From a steel mill in Pittsburgh to the fjords of Greenland

January 30—PLATTSBURGH — Photographer Denis Defibaugh’s beginnings in his art began like most photographers in childhood at the time.

His first plastic camera was shot on his immediate world – family, pets, natural world – which he documented.

“I still document now,” said the RIT professor emeritus of photography.

“So it hasn’t really changed much.”

The photographer and author’s exhibition, “North by Nuuk: Greenland after Rockwell Kent” opens February 1 and runs through March 11 at the Burke Gallery, Myers Fine Arts Building, SUNY Plattsburgh.

He is giving an “artist talk” on February 2 from 7 to 8 p.m. in the Yokum building, room 202.

An exhibition reception will be held on February 3 from 5 to 7 p.m. at the Myers Lobby Gallery.

Defibaugh never really considered photography as a career choice.

After two years in the voluntary draft during the Vietnam War, Defibaugh emerged without a tour of the country and a Pentax Spotmatic camera, his first SLR.

When he separated from the military in 1972, he returned home outside of Pittsburgh, Pennsylvania to work at a steel mill there.

“Every lunch we would meet with the workers,” he said.

“These elders who had been in the factory for about 40 years. They would blame me for working in the factory. They said, ‘Why don’t you go and get an education? And I’m like, “I’m going to go to school. I’m just trying to make money to do this.”

“He says, ‘What are you going to school for?’

“I said, ‘I want to go to school for photography.’

“He says, ‘You should go to RIT.’

“I say ‘RIT? I’ve never heard of RIT.’

“He says, ‘It’s a very good photography school.’

“I’m like, ‘Why is this so good?

“He says, ‘I don’t know. They teach the zone system there.

“I said, ‘What is the zone system?’

“He says, ‘I don’t know, but you have to know.

“He’s an old man, a really great guy. He spent his whole life in the steel mill.”

Within two weeks, Defibaugh traveled to Rochester and met with the RIT admissions office.

In 1974, there were tons of students. He was unlucky.

Two weeks later, Defibaugh received a phone call. He was there if he came.

“At that time, it was like the beginning of August,” he said.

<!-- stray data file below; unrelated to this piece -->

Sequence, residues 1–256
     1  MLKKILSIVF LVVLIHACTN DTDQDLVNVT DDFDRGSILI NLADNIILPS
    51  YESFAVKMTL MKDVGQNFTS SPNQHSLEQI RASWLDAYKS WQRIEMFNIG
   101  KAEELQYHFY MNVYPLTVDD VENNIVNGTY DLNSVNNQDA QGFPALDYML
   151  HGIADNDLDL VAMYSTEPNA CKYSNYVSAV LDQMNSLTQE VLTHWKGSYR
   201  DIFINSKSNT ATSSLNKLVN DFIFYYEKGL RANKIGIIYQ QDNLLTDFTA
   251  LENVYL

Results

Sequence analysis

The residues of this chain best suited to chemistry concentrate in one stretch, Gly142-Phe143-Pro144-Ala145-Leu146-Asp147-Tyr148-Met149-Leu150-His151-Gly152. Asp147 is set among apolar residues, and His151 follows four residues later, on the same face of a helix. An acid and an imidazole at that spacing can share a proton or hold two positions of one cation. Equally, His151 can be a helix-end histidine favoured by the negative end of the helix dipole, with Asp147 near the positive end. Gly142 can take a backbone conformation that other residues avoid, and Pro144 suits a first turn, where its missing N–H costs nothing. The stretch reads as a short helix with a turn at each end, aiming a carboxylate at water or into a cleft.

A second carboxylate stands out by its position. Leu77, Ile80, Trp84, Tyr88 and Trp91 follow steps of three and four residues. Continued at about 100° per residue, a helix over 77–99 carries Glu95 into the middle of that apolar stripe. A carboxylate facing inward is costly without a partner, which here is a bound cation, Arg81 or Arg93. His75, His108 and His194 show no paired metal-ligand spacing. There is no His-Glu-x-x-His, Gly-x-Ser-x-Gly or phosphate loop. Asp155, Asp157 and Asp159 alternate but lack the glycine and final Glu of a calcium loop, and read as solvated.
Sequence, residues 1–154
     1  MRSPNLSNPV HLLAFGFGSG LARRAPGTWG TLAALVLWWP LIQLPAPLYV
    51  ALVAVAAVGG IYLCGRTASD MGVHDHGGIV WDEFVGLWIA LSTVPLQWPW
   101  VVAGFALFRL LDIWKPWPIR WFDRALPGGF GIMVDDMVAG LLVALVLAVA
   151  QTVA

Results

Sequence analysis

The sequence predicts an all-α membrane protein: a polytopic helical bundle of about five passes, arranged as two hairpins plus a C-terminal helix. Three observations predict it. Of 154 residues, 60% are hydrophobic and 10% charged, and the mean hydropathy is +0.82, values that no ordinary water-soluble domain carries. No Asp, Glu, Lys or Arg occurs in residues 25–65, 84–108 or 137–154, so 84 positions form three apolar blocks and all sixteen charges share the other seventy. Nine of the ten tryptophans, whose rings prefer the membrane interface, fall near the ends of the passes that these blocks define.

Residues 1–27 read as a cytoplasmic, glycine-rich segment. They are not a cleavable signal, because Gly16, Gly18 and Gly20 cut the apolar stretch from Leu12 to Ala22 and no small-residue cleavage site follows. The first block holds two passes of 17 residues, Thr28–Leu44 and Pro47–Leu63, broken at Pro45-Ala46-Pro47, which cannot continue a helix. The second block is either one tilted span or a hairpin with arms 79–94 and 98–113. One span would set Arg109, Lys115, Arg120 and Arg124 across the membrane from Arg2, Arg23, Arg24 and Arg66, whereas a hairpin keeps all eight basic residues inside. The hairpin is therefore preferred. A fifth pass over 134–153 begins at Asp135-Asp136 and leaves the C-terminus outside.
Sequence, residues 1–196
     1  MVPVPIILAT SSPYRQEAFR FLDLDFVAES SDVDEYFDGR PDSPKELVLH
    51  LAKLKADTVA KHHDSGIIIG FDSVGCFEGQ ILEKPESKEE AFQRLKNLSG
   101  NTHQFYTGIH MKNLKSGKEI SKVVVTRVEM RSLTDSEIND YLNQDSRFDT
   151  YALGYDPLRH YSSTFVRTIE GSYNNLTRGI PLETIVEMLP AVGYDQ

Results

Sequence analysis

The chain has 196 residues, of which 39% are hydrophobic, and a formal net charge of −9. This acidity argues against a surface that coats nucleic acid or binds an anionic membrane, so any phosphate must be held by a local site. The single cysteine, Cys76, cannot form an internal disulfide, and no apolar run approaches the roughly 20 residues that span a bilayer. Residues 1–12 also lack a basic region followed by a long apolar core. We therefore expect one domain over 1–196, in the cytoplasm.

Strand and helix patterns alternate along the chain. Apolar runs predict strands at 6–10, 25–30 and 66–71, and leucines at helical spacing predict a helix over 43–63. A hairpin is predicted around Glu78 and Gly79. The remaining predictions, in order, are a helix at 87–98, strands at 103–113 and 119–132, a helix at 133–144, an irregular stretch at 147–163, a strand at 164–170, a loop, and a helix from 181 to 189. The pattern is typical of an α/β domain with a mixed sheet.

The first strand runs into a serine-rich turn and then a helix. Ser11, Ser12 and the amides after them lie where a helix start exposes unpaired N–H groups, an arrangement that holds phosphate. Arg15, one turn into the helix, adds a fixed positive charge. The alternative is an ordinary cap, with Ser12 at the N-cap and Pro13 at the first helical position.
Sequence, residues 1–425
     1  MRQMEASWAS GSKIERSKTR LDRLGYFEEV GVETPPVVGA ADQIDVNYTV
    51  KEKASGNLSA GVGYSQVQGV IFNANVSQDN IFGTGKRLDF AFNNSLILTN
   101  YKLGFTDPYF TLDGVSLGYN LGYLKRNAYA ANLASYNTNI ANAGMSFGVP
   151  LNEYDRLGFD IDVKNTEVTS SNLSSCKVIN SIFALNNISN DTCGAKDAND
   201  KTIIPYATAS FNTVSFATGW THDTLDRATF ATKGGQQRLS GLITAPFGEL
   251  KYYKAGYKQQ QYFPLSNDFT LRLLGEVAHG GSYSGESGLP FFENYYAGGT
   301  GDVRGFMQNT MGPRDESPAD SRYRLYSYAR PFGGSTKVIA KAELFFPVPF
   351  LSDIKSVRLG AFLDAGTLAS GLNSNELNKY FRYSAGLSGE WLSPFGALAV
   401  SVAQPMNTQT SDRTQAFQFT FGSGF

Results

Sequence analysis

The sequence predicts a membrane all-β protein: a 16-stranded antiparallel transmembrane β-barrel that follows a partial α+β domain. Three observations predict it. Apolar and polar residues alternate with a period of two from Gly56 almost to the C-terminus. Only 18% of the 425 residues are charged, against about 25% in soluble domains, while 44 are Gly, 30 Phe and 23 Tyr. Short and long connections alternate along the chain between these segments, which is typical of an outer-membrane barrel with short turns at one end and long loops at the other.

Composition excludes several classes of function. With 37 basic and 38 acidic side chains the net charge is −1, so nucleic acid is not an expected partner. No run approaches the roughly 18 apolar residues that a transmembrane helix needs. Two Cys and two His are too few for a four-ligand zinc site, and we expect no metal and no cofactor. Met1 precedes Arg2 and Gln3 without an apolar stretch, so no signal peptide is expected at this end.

“I wonder how I’m going to do this? I can’t refuse. It would be crazy. So I said yes, and started school in September. That’s how I got into photography.”

At RIT, he studied advertising photography and graduated with a Bachelor of Science in 1977.

After a career as a photographer and teacher in Georgia, Colorado and Texas, he returned to his alma mater to teach in 1987.

A decade later, he graduated with a Master of Science in the Graphic Arts, Typography and Design program.

Defibaugh always taught photography until his retirement in 2020.

He took a leave followed by a sabbatical in 2016-17 to follow in the footsteps of artist Rockwell Kent in Greenland.

STRANGERS IN A STRANGE LAND

Kent’s stays in mid-1929 and early 1935 now provide a window into Greenland’s past.

Defibaugh’s sojourn in the 21st century, 85 years later, captures the evolution of Greenland.

In the dead of winter, his favorite season in Greenland, Defibaugh decided to go out into the fjords and photograph icebergs stuck in the distant ice.

“I start walking in the fjords, and I hear, ‘Denis! Denis!'” he said.

“It was these two girls who lived there. Every time I went out to photograph, the kids somehow found me.”

Defibaugh and the Inuit girls headed for the icebergs.

As always, he also let them take pictures.

“These girls are just plain fearless,” he said.

“They’re not afraid of anything. As we walk, one of the girls says, ‘Danger. Danger. Ice bear.’ I said, ‘Yes, we’re going to the iceberg.’ She said, “No, no, no. Ice bear.” I go, “Polarbear. She says, ‘Yeah.’

“”These girls are fearless, and you could tell they were really nervous, and they wanted to turn back. I said, ‘Okay, let’s go back.'”

Defibaugh has never seen a polar bear in Greenland.

“It was snowing and you couldn’t see very far because of the snow and everything was white,” he said.

“She felt like there was danger. The possibility was there, and I felt like if those girls were scared, then I should be.”

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